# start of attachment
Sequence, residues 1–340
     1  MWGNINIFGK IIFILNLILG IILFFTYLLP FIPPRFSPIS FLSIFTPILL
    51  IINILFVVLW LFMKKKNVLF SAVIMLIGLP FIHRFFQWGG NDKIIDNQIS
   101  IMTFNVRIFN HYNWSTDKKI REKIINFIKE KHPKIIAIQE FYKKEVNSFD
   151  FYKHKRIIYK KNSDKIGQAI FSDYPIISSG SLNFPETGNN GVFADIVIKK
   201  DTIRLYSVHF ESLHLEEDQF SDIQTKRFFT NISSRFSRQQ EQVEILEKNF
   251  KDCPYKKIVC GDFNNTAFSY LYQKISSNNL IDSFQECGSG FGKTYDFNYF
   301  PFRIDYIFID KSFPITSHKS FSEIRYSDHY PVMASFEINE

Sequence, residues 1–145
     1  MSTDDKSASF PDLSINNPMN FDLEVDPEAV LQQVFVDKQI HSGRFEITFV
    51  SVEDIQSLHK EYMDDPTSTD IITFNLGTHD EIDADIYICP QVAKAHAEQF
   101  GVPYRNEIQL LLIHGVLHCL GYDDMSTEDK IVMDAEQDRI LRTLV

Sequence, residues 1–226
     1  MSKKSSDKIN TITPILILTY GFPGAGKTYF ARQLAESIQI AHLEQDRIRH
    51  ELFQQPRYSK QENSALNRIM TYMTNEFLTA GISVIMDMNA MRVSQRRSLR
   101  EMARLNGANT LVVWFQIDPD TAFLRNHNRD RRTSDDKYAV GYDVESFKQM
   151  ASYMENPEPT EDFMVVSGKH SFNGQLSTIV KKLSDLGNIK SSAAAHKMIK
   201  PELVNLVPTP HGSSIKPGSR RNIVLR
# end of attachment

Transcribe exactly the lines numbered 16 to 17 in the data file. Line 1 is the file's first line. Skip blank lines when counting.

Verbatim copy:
   101  EMARLNGANT LVVWFQIDPD TAFLRNHNRD RRTSDDKYAV GYDVESFKQM
   151  ASYMENPEPT EDFMVVSGKH SFNGQLSTIV KKLSDLGNIK SSAAAHKMIK